Suicide has a nice melody and some similarities to PINK FLOYD, very relaxed with saxophon and acoustic/electric guitar. Recall The Future is a highlight of the eight songs. Typical for this album with permanent changes between rocking and mellow parts. This song remembers much at BO HANSSON. Universe is also to point out, a short and very nice song with wonderful vocals. SUPERTRAMP couldn't make it better. With the semi-acoustic I'll arise the album closes and MR. BROWN shows his singer/songwriter qualities. One of those songs which are not really spectacular to me.

As for a summary this album is consisting of very nice Prog (light) songs - 3.5 stars are well deserved.

Review by ClemofNazareth
2 stars It still amazes me that bands like this managed to form, record, release records and disappear with so little left behind besides the music. I’ve checked for biographies or other projects from everyone in this band to no avail. I can tell you that Håkan Andersson went on to win three Stanley Cups with the Detroit Red Wings of the National Hockey League; Bo Carlberg is a cardiologist at Umea University Hospital in Sweden; Kjell Johnsson is head of Denel Saab Aerostructures in South Africa; Lars Meding writes jingles for companies who publish language-learning materials; Anders Nilsson is a professional drag-car racer; Jan Peter Stråhle is a mechanical engineer in Germany; and Rovert Svensson is a professional golfer.

Okay, you have me - none of them do those things. And no – those people aren’t the same guys as the ones who were in this band. That was the best I could do surfing the web to find information about this album though. Really odd. Usually at least one or two members of even obscure seventies progressive bands end up in some other band of note at some point. But not these guys, or if any of them did they must have changed their names.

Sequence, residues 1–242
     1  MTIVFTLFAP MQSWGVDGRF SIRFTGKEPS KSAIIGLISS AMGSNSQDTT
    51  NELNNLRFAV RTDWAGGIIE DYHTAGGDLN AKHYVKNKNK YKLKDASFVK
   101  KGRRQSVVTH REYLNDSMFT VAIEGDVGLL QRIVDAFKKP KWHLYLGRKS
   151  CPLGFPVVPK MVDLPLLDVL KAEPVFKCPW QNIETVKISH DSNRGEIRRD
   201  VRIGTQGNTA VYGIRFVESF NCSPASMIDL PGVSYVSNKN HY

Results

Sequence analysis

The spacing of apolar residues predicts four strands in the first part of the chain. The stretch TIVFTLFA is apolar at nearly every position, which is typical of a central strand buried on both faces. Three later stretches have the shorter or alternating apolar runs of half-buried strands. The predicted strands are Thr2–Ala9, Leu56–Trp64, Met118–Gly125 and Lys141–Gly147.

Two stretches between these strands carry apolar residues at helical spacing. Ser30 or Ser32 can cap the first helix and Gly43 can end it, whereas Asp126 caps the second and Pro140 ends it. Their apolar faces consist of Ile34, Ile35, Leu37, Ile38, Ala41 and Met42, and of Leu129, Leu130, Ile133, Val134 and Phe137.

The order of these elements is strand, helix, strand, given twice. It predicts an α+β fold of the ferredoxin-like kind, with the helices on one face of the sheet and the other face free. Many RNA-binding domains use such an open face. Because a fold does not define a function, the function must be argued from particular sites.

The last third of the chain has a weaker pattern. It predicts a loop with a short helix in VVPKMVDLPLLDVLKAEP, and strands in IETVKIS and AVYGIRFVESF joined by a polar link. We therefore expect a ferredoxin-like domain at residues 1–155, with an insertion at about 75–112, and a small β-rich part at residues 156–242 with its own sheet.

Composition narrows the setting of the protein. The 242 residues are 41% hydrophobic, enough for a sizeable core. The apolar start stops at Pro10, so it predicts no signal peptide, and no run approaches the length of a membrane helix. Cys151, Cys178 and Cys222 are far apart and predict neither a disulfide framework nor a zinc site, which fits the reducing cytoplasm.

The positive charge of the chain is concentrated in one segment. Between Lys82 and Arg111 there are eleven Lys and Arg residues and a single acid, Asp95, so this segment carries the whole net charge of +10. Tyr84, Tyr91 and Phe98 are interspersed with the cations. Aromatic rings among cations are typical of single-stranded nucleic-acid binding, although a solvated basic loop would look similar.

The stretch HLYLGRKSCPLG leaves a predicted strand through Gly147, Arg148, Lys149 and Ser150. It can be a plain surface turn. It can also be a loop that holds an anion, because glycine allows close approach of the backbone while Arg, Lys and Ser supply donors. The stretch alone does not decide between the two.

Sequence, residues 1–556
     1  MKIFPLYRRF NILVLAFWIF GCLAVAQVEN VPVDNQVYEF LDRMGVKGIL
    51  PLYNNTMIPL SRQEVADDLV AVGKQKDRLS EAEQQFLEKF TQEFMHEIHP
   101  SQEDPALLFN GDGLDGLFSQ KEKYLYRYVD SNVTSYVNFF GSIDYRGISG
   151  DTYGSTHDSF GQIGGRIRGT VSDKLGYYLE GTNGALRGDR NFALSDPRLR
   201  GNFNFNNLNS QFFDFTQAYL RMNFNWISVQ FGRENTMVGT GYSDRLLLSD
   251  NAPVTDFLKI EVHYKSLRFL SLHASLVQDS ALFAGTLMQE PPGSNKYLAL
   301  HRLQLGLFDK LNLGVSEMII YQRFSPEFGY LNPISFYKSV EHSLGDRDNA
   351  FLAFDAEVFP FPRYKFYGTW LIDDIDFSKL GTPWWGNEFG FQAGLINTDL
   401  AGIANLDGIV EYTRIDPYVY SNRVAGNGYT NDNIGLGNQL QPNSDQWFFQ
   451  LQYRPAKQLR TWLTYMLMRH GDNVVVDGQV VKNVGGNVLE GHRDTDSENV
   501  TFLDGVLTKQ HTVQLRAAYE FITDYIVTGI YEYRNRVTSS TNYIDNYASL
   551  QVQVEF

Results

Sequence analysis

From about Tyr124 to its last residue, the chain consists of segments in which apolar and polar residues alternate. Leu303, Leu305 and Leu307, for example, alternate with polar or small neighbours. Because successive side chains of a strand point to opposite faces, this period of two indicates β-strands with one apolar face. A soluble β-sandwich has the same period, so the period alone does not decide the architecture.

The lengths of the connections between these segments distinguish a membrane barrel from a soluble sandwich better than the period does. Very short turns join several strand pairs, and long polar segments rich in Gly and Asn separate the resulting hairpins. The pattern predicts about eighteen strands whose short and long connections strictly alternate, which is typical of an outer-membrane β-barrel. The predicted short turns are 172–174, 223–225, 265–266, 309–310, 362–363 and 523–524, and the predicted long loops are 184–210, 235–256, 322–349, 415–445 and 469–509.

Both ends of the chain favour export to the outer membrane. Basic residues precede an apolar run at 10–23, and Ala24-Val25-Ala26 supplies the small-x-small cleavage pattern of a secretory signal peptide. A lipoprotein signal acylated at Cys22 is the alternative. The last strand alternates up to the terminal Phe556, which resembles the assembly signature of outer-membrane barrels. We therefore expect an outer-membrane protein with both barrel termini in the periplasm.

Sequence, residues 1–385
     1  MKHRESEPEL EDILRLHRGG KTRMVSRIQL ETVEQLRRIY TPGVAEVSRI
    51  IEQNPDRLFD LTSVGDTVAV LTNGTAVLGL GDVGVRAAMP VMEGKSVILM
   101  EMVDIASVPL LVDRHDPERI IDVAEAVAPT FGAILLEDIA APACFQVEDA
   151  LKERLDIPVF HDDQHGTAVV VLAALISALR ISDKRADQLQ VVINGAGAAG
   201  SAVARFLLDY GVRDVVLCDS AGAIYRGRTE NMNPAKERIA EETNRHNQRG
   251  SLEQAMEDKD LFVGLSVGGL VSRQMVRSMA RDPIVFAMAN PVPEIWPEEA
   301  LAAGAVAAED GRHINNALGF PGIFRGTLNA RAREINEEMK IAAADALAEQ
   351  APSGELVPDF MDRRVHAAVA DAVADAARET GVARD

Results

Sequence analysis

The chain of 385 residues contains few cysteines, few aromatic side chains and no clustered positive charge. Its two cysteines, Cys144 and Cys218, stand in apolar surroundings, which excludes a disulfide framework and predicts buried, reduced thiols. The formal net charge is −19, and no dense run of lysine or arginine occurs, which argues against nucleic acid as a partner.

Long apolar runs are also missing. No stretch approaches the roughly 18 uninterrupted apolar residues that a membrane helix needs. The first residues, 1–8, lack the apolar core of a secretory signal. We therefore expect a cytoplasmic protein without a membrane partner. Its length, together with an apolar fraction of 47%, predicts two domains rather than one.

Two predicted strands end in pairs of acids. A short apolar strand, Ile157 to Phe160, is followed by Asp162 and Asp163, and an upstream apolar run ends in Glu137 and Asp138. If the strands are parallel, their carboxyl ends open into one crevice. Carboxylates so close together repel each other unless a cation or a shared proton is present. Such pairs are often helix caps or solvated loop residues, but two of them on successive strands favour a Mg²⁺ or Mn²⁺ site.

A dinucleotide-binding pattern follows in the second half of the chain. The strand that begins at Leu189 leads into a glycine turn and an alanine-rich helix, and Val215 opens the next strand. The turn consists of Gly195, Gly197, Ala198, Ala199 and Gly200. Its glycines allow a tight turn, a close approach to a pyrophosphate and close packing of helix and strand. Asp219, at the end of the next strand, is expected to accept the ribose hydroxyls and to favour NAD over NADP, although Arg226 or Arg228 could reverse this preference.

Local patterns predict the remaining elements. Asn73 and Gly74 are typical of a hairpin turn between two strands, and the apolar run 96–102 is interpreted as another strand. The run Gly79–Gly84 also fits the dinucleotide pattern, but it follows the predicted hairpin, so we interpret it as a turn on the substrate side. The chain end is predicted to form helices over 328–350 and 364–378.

But on the other hand this isn’t a pivotal paragon of progressive purity either, so maybe that played into the equation a bit. The trappings of seventies music are here, it’s just that none of it is new, a lot of it isn’t progressive, and most has obvious roots in the band’s various influences (Pink Floyd, Ambrosia, even Tom Petty). Props for the album cover though – is that guy’s head what I think it is?

This album apparently was originally released in 1977, just on the outer edge of the decade in which new progressive music could still get published and supported. These guys just missed that boat. There are several CD versions available today, but I believe the 2006 Transubstans disc is the only ‘legitimate’ one. Transubstans describes the music as “symphonic prog in the same school as Focus and Swedish legends Kaipa and with a singer that's been compared with bigshots like Justin Hayward, Roger Waters and Bob Dylan”. Don’t be fooled. There are snippets of Pink Floyd, particularly in the keyboards on “Universe”, but I don’t think that qualifies as a valid Roger Waters comparison. Not sure where the Justin Hayward reference came from unless it is for the brief piano snippet “Tornet” that might be construed as sounding just a little bit Moody Blues-like in the same way that any female folk singer sounds just a little bit Sandy Denny-like, but nothing more. Kaipa was a similar type of band that made accessible music with symphonic rock leanings but an overall mainstream feel, so that is not an untrue claim by the label. And I guess Focus refers to “Kharma 74” which I could see being considered Focus-like, but just barely.